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Orphanology: Awakening to Gospel-Centered Adoption and Orphan Care Paperback – March 10, 2011
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Tony Merida and Rick Morton have gotten to the heart of the question as to why it is the calling of the Church to engage in the plight of the fatherless. Their thoroughly Biblical and pragmatic answers to that question are a long awaited wake up call to the American Church. --Matt Carter, lead pastor, The Austin Stone Community Church
Orphanology presents a gospel-centered theological and practical approach to an often-neglected sphere of ministry. Morton and Merida call Christians to reflect God's image as redeemer, defender, provider, and father, and take up the cause for those who have no voice. It is engaging, thorough, accessible, and a convicting joy to read. --Ed Stetzer, coauthor of Transformational Church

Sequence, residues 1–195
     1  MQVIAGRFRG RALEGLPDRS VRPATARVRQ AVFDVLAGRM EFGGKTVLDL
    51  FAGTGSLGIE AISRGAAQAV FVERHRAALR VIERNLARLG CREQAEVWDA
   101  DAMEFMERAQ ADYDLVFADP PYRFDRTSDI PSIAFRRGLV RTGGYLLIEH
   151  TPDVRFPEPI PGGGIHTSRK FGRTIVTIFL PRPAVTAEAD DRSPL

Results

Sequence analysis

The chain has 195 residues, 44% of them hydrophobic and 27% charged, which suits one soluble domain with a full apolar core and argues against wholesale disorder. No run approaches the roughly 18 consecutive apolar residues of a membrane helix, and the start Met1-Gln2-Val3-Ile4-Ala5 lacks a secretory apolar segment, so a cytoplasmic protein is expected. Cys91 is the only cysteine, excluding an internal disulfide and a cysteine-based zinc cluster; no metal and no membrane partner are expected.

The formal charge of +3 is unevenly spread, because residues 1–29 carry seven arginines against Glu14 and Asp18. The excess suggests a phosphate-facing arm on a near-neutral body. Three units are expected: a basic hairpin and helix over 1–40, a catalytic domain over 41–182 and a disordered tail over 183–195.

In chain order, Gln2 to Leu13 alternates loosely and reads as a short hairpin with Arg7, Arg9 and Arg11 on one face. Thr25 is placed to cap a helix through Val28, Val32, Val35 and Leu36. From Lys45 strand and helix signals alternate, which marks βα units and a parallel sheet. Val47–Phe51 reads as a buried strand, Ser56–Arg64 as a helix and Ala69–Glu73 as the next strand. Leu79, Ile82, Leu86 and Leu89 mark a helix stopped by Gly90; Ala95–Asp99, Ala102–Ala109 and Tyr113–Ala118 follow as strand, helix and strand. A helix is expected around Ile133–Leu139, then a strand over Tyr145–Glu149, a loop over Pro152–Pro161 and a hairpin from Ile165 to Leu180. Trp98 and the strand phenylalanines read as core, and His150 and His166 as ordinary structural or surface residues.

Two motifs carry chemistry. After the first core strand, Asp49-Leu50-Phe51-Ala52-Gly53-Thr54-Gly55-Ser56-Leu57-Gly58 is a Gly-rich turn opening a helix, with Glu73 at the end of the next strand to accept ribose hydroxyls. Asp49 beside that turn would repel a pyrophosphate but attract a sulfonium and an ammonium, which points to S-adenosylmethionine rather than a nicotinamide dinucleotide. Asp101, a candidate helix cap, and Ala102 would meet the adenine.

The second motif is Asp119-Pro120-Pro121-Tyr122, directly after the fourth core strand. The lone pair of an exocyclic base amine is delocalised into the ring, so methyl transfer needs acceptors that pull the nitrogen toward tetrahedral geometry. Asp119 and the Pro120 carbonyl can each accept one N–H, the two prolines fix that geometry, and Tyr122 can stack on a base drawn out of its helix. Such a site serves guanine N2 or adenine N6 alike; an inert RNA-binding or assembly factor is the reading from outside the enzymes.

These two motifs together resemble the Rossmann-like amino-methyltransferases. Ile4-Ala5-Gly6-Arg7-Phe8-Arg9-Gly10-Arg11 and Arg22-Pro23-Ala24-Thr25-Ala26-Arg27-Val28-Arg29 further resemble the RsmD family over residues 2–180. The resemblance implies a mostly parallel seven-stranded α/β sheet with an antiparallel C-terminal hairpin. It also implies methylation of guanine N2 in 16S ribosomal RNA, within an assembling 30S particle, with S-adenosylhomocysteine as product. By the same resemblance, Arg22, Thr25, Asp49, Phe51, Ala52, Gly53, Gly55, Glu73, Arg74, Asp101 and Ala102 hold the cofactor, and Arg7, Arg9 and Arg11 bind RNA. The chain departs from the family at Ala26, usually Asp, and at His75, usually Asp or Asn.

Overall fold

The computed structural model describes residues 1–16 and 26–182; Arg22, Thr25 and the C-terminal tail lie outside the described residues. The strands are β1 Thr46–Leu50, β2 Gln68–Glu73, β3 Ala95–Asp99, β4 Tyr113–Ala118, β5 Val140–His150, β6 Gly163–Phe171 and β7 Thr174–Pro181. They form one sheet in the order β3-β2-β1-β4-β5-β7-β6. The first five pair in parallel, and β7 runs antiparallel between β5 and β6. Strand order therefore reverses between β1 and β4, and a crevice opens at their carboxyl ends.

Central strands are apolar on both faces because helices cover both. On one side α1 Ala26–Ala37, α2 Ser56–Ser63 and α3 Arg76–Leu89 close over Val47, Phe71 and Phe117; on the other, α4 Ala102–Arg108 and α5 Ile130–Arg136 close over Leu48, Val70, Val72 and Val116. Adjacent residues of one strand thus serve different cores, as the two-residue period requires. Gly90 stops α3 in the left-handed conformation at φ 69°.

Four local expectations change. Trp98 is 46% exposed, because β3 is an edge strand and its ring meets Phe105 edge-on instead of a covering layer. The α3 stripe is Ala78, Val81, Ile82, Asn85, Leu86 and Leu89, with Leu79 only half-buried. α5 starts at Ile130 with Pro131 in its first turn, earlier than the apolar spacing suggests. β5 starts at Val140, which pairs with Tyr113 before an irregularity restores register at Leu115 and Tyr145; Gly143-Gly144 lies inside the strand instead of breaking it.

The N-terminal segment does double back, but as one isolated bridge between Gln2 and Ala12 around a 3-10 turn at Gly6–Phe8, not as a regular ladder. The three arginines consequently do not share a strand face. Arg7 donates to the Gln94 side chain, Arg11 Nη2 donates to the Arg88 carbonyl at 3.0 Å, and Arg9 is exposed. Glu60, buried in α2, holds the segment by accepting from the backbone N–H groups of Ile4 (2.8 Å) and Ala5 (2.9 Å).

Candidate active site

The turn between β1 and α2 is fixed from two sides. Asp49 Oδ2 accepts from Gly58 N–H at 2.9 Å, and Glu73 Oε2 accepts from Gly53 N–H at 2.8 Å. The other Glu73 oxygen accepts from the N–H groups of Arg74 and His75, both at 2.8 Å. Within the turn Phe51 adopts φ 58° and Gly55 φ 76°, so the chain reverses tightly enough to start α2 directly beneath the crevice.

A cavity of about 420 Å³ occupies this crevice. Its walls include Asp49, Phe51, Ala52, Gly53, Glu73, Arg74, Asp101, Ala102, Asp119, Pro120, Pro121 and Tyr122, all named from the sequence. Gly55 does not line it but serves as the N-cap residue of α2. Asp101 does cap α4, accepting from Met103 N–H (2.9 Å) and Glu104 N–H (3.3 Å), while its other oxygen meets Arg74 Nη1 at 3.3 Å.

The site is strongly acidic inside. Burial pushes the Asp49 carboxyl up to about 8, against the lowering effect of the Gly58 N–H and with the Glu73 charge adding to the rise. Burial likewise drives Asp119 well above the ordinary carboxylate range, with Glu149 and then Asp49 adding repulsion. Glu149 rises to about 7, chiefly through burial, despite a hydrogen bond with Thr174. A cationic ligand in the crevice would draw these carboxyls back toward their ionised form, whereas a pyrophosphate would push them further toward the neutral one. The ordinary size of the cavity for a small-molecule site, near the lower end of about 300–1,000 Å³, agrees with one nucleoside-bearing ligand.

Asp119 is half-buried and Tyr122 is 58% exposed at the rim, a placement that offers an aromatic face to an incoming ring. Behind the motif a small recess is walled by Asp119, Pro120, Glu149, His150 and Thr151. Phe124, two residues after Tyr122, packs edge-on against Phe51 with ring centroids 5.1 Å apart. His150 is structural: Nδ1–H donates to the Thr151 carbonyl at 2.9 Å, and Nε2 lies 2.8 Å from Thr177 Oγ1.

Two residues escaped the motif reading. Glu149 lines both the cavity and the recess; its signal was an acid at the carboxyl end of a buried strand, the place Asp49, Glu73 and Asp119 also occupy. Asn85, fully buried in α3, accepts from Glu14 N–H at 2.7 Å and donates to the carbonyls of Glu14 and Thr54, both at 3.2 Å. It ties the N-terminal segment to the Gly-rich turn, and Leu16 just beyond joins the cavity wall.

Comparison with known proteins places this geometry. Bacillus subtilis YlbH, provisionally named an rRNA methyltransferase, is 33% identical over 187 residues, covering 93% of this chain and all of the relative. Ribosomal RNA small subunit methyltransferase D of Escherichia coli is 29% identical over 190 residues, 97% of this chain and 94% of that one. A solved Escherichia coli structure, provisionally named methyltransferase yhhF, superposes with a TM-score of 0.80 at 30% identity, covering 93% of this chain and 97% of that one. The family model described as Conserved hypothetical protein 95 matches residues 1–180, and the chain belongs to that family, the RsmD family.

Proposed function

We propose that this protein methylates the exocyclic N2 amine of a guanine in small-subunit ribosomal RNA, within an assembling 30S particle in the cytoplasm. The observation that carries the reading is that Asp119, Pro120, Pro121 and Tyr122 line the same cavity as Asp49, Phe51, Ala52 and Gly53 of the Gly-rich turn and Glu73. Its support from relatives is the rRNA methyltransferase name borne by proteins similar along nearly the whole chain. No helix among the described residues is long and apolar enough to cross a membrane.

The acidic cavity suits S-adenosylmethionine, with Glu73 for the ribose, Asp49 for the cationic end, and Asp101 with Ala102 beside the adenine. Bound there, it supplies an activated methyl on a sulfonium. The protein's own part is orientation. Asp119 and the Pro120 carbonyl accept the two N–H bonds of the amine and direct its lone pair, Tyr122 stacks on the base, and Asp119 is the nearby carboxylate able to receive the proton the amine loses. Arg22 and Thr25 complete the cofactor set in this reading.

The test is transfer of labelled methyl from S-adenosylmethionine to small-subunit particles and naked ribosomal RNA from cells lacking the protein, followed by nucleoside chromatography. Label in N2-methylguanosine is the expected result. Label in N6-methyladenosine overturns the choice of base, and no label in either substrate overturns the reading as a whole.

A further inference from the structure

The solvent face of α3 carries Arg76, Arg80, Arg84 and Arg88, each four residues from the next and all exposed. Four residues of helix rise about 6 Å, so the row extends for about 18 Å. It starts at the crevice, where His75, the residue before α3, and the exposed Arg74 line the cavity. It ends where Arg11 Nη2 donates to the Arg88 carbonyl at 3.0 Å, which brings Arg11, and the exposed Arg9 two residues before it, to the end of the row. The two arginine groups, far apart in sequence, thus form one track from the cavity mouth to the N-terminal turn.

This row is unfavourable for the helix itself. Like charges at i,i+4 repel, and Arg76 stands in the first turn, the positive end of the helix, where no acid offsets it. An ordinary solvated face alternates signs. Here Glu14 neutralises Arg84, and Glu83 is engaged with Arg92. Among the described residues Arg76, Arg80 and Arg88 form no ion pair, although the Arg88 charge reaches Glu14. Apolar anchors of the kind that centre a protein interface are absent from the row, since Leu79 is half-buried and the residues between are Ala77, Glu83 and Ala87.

Rarely have I been stunned by a book. I was stunned by this one. It is drenched in Biblical Christianity. I genuinely think it should come with a warning. Consider this your warning. God may seriously upset your future plans as you interact with these pages. I imagine that you have asked Him often to lead you. He may use this book to lead you in a way you never imagined. But as Tony and Rick can testify, it may lead you to some of the greatest blessings on this earth. --Steve Farrar, author of Point Man